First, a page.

Late Portraits & Still Lifes press release | David Zwirner

David Zwirner is pleased to present an exhibition of portraits and still lifes by Alice Neel, on view at the gallery's 533 West 19th Street space. This is the second solo exhibition of Neel's work since David Zwirner started representing her Estate in 2008.

With a practice spanning the 1920s to the 1980s, Alice Neel (1900- 1984) is widely regarded as one of the greatest figurative painters of the twentieth century. Based in New York City, Neel chose her subjects from her family, friends, and a broad variety of locals: writers, poets, artists, students, textile salesmen, psychologists, cabaret singers, and homeless bohemians. Her eccentric selection was thus also a portrayal of, and dialogue with, the city in which she lived. Through her forthright and at times humorous touch, her work engaged with ongoing political and social issues, including gender, racial inequality, and labor struggles.

Neel's works are characterized by a poised, fluid handling of paint, which combines precise attention to detail with abstract or sketch-like strokes. Her compositions frame her subjects centrally while retaining a sense of autonomy, which in turn broadens the focus of the portrait beyond the face of the sitters to the rest of the canvas.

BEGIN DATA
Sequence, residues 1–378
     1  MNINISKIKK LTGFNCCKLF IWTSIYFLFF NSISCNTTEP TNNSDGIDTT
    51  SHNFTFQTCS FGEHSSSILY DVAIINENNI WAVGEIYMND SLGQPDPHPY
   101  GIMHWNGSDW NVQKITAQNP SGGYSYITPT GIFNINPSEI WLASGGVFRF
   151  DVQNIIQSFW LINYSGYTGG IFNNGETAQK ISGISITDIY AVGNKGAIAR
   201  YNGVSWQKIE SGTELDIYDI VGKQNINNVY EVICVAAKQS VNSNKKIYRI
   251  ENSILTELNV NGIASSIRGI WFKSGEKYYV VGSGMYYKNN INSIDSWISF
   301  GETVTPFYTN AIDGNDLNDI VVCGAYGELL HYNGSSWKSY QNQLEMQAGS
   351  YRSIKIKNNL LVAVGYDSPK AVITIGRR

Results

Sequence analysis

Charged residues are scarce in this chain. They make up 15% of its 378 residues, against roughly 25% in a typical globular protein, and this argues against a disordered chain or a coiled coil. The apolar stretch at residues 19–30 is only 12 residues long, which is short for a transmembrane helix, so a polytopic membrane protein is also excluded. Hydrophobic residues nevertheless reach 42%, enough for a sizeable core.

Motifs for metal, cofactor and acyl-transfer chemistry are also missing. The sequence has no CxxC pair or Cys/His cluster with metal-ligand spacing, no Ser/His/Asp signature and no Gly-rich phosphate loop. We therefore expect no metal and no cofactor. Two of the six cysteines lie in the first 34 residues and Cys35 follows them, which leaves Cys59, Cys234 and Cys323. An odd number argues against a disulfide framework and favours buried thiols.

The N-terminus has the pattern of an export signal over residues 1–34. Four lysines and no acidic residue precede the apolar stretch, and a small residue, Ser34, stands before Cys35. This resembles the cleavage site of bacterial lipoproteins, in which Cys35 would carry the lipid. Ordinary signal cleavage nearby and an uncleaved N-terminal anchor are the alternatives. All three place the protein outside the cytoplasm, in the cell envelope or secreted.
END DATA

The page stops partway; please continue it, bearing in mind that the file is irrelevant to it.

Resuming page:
Neel's practice was remarkably impervious to the fluctuating artistic movements it witnessed, and she famously reaffirmed her commitment to the human body at a time when her avant-garde contemporaries were denouncing figuration. A stylistic development is nonetheless apparent in her paintings from the 1960s onwards. Coinciding with a growing reputation in the art world, where she had thus far only remained on the margins, Neel's work grew brighter and more experimental during this decade, and increasingly explored the medium of paint for its expressive qualities.

This exhibition includes portraits and still lifes made between 1964 and 1983, the last two decades of Neel's life. The portraits affirm the shift in her work towards more luminous compositions, as witnessed for example in Abe's Grandchildren (1964) and Richard (1969), where the background is partially rendered and supplanted by abstract areas of paint. Likewise, in the still lifes–a genre Neel continued to address throughout her career–such changes are evident in the arbitrary use of perspective and the artist's bright palette. In Still Life (Breakfast Table) (1965), a bird's eye view of a strident yellow table is set off by many of the objects on its surface, which are shown from their sides, and in Light (1980), a shadow cast by a sun-lit table omits the flowers arranged on its source. In other still lifes, potted plants and cut flowers take on anthropomorphic presences, and even hint at a subtle version of self-portraiture. Aside from two paintings made in her family home in New Jersey, and a portrait from San Francisco, all of the works in the show were painted in New York.

The exhibition is accompanied by a fully illustrated catalogue co-published by Radius Books, featuring an essay by Tim Griffin, Executive Director and Chief Curator at The Kitchen, New York, and former Artforum editor.

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